We are pursuing research in the area of electrochemical energy-storage/conversion and electrochemical biosensing. We are particularly interested in utilizing carbon-based materials combined with conducting polymers and metal oxides. Various physical, electrochemical, and spectroscopic characterizations are employed to understand structure-function relationship and enhance the performance of materials. The projects which we are pushing currently include (1) efficient energy storage devices such as supercapacitor and batteries, (2) advanced electrocatalyst and catalyst support systems for polymer exchange membrane fuel cells (PEMFCs), (3) fluorescent carbon nanodots (FCNs) for bio-imaging and catalysis, (4) doped metal oxides for photochemical water splitting


Dr. Folami Ladipo
Associate Professor, Organometallic Chemistry

Low-valent transition metal-promoted organic synthesis. Transition metal species in low oxidation states are widely used in carbon-carbon bond forming reactions. In spite of the importance of such reactions to progress in organic synthesis, current understanding of the chemistry of these species is poor and control over the C-C bond forming reactions is inadequate. This lecture covers both an introduction and a description of recent advances in the field of low-valent titanium-promoted reductive coupling reactions, including development of a highly regioselective alkyne cyclotrimeriztion.


Dr. Robert A. Lodder
Professor, Analytical Chemistry 

Talk 1: Remote sensing. Scientists have focused their remote-sensing efforts in astrobiology onto robotic probes sent to nearby planets. A hyperspectral imaging system might be able to find cyanobacteria, one of the oldest forms of life on Earth, and similar forms of life on other planets like Mars. Hyperspectral imaging from a distance is able to easily monitor the distribution and spread of a cyanobacterium, Gloeocapsa, through spatial and spectrometric resolution of the chemicals (mycosporine amino acids and scytonemin) it produces to protect itself from UV radiation. The hyperspectral imaging system is flexible and can be calibrated to study the distribution of multiple analytes and interferences. A robotic rover with such an imaging system has the ability to drive up to the site and conduct more extensive sampling and collection because hyperspectral imaging is a nondestructive process.

Talk 2: People with metabolic risk factors such as obesity, high blood pressure, and high blood sugar have an increased chance of developing diabetes, cardiovascular, and neurological problems. The more metabolic risk factors a patient has, the greater the risk. Early treatment of metabolic syndrome seems to produce better outcomes. D-lyxo-hexulose (DLH) is an epimer of fructose and a novel sugar that is approved as a safe food ingredient (Generally Recognized As Safe, or GRAS). DLH is being tested in patients at the University of Kentucky. DLH blunts the glycemic response to a meal, increasing glycogen synthesis and storage and decreasing glycogen utilization. The net effect is a reduction of glycemic levels and HbA1c. Phase II and III human clinical trials have demonstrated that DLH is associated with few adverse events and is effective in doses below the GRAS level.


Dr. Mark A. Lovell
Professor, Analytical and Bioanalytical Chemistry

Disruptions of Zinc Homeostasis in the Pathogenesis of Alzheimer’s Disease. Increasing evidence suggests alterations in zinc (Zn) homeostasis may contribute to the neurodegeneration observed in the pathogenesis of Alzheimer’s disease (AD). Current studies from our laboratory show that, in addition to alterations in Zn concentrations, there are significant alterations in proteins responsible for the transport of Zn. This talk will describe methods used to quantify brain Zn concentrations and to localize Zn transporters in specific neuron populations. Results of these studies will discussed in terms of the progression of AD from preclinical AD to late stage disease.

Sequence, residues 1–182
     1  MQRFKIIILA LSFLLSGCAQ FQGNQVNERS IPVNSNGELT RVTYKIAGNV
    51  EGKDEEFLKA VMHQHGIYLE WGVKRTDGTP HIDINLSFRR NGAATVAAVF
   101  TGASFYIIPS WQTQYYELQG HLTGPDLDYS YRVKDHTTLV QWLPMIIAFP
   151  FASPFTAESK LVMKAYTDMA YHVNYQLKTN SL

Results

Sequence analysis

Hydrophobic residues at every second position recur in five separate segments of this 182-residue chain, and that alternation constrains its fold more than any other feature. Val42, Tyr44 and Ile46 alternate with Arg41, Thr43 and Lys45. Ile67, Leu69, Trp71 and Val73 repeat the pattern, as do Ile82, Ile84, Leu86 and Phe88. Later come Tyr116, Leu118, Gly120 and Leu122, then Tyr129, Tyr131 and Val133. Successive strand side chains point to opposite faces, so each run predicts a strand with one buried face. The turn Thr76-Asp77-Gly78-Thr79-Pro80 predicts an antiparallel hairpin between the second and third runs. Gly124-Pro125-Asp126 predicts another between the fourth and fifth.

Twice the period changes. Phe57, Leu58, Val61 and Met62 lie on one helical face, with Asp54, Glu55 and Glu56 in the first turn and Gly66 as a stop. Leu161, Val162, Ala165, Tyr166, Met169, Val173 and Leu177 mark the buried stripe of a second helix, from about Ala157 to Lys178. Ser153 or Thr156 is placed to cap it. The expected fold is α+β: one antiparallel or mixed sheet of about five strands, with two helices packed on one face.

Sections of brain tissue from autopsy verified normal control (NC) subjects and patients with mild cognitive impairment (MCI) and late stage AD (LAD) stained for zinc (panel 1), ZnT-1 (panel 2, green), and ZnT-6 (panel 3, red). Panel 4 is a merged image.


Dr. Bert C. Lynn
Professor, Analytical Chemistry

Proteomics and Mass Spectrometry. Mass spectrometry joined with traditional molecular biology and biochemistry in a synergistic way to produce the new area of proteomics. Proteomics involves identification, characterization, and quantification of proteins in tissues and whole cells. To accomplish these tasks, new analytical protocols and mass spectral techniques were required. This lecture will provide background on mass spectrometry developments that enabled proteomics, 2D liquid chromatographic separations, tandem mass spectrometry of peptides and describe applications of proteomics in human disease research.


Dr. Mark S. Meier
Professor, Organic Chemistry / Nanotechnology

The Chemistry of Carbon Materials. Fullerenes and carbon nanotubes are among the most important new materials discovered in the past several decades. The similar, curved carbon surfaces of these materials would be expected to give rise to similar chemistry, but there are significant differences in reactivity between fullerenes, single-walled nanotubes, and multi-walled carbon nanotubes. Each carbon morphology has its own unique reactivity, physical properties, and technological potential. This lecture will demonstate how fullerenes and carbon nanotubes are really just organic compounds and how their reactivity depends upon subtle differences in carbon morphology.


Dr. Anne-Frances Miller
Professor, Physical and Biological Chemistry

Talk 1: Controlling single electrons? - no problem, you do it every day.